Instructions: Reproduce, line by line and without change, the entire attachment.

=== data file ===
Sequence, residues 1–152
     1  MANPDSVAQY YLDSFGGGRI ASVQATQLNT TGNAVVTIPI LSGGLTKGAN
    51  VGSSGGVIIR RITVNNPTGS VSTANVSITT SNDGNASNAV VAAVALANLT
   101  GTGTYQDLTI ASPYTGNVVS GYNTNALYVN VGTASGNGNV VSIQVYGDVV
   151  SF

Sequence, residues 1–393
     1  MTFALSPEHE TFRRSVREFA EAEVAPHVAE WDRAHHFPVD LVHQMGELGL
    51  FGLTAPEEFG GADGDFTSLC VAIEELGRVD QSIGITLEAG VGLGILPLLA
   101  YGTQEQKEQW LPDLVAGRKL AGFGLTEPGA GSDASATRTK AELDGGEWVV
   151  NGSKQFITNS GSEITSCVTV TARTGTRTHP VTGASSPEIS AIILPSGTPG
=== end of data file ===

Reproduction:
Sequence, residues 1–152
     1  MANPDSVAQY YLDSFGGGRI ASVQATQLNT TGNAVVTIPI LSGGLTKGAN
    51  VGSSGGVIIR RITVNNPTGS VSTANVSITT SNDGNASNAV VAAVALANLT
   101  GTGTYQDLTI ASPYTGNVVS GYNTNALYVN VGTASGNGNV VSIQVYGDVV
   151  SF

Sequence, residues 1–393
     1  MTFALSPEHE TFRRSVREFA EAEVAPHVAE WDRAHHFPVD LVHQMGELGL
    51  FGLTAPEEFG GADGDFTSLC VAIEELGRVD QSIGITLEAG VGLGILPLLA
   101  YGTQEQKEQW LPDLVAGRKL AGFGLTEPGA GSDASATRTK AELDGGEWVV
   151  NGSKQFITNS GSEITSCVTV TARTGTRTHP VTGASSPEIS AIILPSGTPG